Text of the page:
Q: What can be done to bring an end to animal testing for cosmetics?
A: Europe has already taken the first step by banning all animal testing for cosmetic products and ingredients, and is due to introduce a further ban on the sale of all newly animal tested cosmetics as of March 2013. However, as the deadline approaches it now seems that the European Commission may be taking steps to try to postpone the sales ban or to create a loophole for companies.
Q: What is the Be Cruelty-Free campaign doing to spare animals from cosmetics testing?
A: A: HSI is working tirelessly to preserve the promised 2013 sales ban to make Europe the world’s first cruelty-free cosmetics zone. Our CrueltyFree2013 petition has been signed by thousands of concerned consumers, including celebrities such as Ricky Gervais, Louis Walsh, Leona Lewis, Ke$ha and Dame Judi Dench.
And through HSI’s network of offices and partner groups around the world, we’ve gone global with Be Cruelty-Free—the largest-ever international campaign to end animal testing for cosmetics. We’re reaching out to consumers and policy makers in Asia, Australia, Canada, New Zealand, South America and the United States to achieve lasting progress that ensures that animals will no longer suffer to produce a new lipstick or shampoo.
We are also building unprecedented partnerships with scientists from universities, private companies and government agencies worldwide to support and push for a totally new “21st century” approach to safety testing that combines ultra-fast cell tests and sophisticated computer models to deliver human-relevant results in hours instead of months or even years for some animal tests.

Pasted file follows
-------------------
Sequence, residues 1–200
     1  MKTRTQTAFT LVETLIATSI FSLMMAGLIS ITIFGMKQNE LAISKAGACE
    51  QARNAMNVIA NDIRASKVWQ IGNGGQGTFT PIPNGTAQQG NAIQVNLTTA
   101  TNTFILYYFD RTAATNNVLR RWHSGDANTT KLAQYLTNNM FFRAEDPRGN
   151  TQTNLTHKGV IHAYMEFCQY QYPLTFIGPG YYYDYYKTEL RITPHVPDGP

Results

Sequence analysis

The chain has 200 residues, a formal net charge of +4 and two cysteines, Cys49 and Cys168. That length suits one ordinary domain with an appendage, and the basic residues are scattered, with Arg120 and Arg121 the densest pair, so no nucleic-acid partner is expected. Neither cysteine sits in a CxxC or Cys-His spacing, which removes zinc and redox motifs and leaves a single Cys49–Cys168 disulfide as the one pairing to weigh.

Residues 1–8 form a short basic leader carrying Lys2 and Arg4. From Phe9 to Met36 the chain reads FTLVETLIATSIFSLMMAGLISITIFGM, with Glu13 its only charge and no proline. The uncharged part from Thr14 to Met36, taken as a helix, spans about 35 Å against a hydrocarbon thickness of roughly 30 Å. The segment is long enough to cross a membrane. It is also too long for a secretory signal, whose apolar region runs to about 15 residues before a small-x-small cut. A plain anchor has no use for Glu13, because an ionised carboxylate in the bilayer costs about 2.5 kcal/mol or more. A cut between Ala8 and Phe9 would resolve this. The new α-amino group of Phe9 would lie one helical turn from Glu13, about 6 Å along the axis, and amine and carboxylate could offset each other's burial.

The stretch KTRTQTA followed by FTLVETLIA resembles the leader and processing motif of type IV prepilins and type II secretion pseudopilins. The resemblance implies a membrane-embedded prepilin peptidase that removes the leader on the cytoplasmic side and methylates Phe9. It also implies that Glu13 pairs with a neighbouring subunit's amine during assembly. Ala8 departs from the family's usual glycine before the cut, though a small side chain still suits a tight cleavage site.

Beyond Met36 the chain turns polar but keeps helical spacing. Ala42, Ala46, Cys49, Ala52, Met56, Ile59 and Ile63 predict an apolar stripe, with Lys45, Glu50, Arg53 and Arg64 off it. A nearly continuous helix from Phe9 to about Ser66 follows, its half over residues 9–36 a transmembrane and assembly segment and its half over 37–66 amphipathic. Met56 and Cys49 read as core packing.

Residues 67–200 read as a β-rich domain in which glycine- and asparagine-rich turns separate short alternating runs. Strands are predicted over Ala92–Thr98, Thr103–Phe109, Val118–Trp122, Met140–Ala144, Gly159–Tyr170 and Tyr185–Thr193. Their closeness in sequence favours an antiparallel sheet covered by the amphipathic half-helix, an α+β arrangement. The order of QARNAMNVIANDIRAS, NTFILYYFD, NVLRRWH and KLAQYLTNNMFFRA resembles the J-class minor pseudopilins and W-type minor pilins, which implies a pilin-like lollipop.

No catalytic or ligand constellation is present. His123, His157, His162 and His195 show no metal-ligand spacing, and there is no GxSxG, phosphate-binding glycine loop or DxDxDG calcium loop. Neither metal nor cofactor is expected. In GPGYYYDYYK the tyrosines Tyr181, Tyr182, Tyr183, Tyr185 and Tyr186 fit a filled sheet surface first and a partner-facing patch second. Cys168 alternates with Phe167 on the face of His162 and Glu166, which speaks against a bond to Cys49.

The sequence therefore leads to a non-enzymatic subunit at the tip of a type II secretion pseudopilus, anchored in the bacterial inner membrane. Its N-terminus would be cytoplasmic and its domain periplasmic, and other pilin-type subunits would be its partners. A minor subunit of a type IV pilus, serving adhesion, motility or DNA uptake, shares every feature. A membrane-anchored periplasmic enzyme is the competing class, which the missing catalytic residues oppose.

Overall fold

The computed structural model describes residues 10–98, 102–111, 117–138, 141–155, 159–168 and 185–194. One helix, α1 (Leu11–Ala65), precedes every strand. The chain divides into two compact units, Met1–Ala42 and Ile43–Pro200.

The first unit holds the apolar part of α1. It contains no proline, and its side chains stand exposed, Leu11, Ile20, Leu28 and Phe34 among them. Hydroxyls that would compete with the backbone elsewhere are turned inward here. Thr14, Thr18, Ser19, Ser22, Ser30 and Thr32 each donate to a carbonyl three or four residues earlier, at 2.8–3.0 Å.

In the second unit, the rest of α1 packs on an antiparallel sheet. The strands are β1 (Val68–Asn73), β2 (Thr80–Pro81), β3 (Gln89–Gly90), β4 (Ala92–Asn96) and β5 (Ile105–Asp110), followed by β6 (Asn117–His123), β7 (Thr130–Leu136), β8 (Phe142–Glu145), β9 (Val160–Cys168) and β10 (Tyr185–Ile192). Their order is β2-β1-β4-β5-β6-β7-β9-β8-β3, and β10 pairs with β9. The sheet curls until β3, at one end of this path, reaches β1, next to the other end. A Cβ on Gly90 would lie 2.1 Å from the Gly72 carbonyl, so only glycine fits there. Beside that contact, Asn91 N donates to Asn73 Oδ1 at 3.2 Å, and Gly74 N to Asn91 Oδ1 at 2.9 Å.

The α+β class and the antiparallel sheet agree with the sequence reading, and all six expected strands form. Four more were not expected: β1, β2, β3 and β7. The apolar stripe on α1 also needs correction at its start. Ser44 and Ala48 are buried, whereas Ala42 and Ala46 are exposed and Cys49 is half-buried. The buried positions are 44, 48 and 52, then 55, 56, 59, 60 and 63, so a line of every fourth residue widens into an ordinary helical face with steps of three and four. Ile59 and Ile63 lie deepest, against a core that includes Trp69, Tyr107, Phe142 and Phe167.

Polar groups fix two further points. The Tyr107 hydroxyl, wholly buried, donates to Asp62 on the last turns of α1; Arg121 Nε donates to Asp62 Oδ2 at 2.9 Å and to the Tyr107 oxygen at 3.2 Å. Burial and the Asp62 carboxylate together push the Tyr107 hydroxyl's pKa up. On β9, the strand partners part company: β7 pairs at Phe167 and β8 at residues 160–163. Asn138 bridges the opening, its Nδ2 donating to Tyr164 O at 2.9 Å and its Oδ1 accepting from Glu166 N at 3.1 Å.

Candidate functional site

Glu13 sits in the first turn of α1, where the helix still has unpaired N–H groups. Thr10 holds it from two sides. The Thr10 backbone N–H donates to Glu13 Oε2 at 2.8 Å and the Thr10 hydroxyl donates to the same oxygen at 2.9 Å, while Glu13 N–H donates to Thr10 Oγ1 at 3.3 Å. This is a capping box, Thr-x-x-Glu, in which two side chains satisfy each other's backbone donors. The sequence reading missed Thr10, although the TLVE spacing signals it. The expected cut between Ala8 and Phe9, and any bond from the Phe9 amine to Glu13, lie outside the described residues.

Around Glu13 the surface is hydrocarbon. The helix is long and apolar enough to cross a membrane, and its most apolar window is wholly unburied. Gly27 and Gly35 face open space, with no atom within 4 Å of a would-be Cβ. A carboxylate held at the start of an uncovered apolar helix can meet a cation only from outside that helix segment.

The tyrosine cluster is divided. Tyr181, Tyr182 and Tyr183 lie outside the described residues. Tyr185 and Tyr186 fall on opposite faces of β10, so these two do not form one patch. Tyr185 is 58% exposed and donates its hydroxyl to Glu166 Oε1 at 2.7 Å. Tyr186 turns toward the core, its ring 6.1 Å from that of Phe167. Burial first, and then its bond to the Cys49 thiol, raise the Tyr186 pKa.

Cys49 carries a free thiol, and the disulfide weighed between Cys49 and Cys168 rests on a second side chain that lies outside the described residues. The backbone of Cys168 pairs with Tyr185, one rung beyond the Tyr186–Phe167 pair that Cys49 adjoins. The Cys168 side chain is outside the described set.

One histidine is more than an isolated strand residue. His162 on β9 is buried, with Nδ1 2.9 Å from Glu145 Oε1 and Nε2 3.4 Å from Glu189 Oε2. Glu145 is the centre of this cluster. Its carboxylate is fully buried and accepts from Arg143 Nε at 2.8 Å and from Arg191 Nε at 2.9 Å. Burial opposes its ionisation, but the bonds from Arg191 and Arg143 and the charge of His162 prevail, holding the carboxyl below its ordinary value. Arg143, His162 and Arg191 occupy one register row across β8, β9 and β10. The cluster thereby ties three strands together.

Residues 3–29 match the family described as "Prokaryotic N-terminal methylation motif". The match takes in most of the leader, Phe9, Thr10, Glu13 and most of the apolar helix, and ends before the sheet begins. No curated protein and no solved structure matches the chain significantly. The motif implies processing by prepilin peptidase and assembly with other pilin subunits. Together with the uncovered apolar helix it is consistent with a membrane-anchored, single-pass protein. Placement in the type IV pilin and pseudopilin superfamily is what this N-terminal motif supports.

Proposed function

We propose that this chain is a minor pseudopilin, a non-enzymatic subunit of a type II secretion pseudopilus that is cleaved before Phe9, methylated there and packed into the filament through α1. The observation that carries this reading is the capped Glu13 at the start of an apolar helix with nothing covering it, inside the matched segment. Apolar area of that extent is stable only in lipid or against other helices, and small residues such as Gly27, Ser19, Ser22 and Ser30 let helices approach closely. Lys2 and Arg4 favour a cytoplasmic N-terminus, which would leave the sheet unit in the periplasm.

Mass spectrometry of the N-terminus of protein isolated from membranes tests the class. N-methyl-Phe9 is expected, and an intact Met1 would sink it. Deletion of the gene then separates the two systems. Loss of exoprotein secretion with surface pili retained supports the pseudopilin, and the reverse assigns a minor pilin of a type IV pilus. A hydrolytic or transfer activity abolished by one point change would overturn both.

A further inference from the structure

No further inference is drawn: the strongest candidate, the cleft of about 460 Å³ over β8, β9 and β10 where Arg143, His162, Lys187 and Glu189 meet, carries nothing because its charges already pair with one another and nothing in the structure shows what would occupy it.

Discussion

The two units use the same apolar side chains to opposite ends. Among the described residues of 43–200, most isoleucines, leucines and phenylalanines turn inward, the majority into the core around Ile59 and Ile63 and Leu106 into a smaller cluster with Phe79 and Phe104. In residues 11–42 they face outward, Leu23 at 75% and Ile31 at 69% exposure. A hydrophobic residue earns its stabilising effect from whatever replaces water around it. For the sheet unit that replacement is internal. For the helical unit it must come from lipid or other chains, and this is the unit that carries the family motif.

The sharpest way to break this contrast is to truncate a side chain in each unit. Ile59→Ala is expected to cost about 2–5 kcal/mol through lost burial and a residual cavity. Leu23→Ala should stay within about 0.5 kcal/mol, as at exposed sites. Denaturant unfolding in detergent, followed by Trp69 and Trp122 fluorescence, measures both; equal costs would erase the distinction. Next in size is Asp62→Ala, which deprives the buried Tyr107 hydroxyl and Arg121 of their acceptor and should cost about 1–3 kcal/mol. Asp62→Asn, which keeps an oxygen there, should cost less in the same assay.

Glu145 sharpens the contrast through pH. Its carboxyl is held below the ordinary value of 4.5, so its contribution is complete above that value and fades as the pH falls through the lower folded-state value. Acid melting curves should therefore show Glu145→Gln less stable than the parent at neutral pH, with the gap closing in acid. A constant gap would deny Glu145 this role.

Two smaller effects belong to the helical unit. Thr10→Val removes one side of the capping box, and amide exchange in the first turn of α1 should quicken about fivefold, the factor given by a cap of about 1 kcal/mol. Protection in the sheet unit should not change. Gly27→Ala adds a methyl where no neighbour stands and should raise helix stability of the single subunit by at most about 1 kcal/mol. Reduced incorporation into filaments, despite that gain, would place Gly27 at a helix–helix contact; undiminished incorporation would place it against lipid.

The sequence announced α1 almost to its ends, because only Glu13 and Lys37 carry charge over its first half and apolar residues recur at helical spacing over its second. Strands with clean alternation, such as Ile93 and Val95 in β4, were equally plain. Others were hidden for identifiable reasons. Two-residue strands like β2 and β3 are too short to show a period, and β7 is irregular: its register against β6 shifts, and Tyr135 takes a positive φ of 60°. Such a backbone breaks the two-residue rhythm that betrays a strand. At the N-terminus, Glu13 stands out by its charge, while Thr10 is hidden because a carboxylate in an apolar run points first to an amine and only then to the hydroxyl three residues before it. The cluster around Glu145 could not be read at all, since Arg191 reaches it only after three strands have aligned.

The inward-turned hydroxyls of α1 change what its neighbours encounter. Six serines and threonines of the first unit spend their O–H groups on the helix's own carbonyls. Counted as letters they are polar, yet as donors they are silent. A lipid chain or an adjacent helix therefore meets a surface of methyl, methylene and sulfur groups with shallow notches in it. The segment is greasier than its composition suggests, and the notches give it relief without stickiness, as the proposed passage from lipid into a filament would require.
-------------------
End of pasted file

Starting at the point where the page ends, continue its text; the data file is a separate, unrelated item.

Q: How can I help?
A: We urgently need your help to end the suffering of cosmetics animal testing. Here’s how you can help us:
- Please sign HSI’s global cruelty-free pledge today to show that you care about the thousands of rabbits, guinea pigs, mice and other animals still suffering in cosmetics tests in laboratories around the world. Pledge your support for a global end to cosmetics animal testing and show policy makers everywhere that you support our mission to turn the world cruelty-free.
- Support HSI’s work by becoming a monthly donor, or make a one-time donation to help us expand our Be Cruelty-Free campaign to more countries and work to save more animals from cosmetics cruelty.
- Shop cruelty-free, it can make a big difference to animals. By purchasing only cosmetic, personal care and household products from companies that do not test on animals, you’ll be standing up for animals one product at a time. Download your own Leaping Bunny Global Shopping Guide here.
- Tell your friends about Be Cruelty-Free by sending them an email, liking us on Facebook or tweeting about us on Twitter using hashtag #BeCrueltyFree—you can also get all the latest campaign updates by following us at @HSIGlobal.